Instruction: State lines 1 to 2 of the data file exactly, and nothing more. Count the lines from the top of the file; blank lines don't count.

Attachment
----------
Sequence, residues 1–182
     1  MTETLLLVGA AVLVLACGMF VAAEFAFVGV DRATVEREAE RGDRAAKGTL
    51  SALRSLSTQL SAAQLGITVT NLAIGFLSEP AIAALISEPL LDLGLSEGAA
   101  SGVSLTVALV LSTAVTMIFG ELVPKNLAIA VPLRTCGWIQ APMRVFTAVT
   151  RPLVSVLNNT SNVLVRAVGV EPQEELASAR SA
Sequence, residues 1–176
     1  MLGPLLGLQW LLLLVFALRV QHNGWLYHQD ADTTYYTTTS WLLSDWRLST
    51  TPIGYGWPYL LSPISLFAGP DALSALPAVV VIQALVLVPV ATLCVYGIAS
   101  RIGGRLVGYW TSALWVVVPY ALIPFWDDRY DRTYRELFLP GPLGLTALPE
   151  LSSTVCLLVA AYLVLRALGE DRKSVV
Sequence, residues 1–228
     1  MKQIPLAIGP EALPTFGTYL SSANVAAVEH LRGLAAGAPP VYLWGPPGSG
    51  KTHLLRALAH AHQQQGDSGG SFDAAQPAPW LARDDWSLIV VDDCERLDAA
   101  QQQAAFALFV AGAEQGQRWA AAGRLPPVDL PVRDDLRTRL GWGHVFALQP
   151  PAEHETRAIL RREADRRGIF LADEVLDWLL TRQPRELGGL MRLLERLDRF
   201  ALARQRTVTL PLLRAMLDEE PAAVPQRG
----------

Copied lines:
Sequence, residues 1–182
     1  MTETLLLVGA AVLVLACGMF VAAEFAFVGV DRATVEREAE RGDRAAKGTL